Adapted from Supervisor Legal Update.
Research shows that strong orientation – or “onboarding” – programs for new employees are best conducted by first-line supervisors, and are a key in developing loyal, long-term, productive workers.
To test your knowledge of the best approaches to orientation, respond True or False to the following:
1. It’s best to avoid presenting job expectations to new employees early on, since doing so will only put pressure on and overload them too soon.
2. A good orientation program lasts at least six months.
3. One successful approach involves presenting new employees with a “test,” by giving assignments accompanied by little or no direction. The results will show the degree of independence you can grant to the employee in the future.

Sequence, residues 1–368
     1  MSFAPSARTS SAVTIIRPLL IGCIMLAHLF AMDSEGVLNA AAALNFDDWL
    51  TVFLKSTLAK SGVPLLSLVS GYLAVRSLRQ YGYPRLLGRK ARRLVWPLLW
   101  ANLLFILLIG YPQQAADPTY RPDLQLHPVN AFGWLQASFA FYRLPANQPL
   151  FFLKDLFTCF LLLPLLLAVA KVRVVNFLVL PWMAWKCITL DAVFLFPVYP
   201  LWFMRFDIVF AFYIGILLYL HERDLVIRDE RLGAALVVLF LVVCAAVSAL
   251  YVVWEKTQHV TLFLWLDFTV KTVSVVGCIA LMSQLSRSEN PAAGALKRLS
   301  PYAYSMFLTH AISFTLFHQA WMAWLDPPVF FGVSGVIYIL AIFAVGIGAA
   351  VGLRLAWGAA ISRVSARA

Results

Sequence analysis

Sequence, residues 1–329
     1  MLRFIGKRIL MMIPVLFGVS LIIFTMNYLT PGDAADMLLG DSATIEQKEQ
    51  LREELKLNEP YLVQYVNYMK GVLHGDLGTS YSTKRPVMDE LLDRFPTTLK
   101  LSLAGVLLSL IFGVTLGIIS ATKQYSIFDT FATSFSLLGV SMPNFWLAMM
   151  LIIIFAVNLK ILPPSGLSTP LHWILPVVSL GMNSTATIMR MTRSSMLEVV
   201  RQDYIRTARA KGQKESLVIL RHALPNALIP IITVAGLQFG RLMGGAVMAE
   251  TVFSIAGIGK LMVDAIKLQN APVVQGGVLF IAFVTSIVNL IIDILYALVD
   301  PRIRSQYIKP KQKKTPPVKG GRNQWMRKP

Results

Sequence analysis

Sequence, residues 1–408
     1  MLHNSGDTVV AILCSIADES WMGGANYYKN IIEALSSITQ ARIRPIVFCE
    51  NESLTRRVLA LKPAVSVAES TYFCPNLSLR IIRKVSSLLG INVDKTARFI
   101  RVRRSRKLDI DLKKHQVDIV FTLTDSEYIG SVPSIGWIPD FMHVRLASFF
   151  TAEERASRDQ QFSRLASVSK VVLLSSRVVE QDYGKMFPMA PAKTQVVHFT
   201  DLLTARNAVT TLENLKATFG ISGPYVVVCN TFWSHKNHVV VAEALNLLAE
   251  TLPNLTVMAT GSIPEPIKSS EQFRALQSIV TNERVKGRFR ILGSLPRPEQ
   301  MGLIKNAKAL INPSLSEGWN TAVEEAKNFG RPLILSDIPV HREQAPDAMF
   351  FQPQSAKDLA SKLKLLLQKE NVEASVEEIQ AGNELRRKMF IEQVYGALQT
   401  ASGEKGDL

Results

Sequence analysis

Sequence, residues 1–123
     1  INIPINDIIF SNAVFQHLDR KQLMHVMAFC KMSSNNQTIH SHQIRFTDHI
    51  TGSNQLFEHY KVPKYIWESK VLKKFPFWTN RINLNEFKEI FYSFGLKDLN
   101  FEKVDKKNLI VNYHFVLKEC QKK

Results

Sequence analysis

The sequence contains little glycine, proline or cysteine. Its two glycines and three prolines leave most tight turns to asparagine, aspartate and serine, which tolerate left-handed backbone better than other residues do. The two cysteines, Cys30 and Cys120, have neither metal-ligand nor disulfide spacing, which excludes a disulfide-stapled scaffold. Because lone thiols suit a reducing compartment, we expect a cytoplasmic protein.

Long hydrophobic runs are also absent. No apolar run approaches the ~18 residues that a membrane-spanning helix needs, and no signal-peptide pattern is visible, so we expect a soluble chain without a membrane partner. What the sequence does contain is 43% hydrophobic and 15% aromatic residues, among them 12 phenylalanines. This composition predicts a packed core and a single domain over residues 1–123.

1. False. New employees tend to succeed more when they immediately understand the job expectations. For best results, provide expectations at three-month increments, to allow yourself chances to adjust to changes.
2. True. Most of the studies on the subject indicate that some sort of orientation should last at least six months. Of course, you’ll probably give out less and different kinds of orientation information as the program progresses, but still, some onboarding should continue for at least 180 days.
3. False. A lack of early direction leads to frustration for new employees, and is a quick path to early failure – and quitting.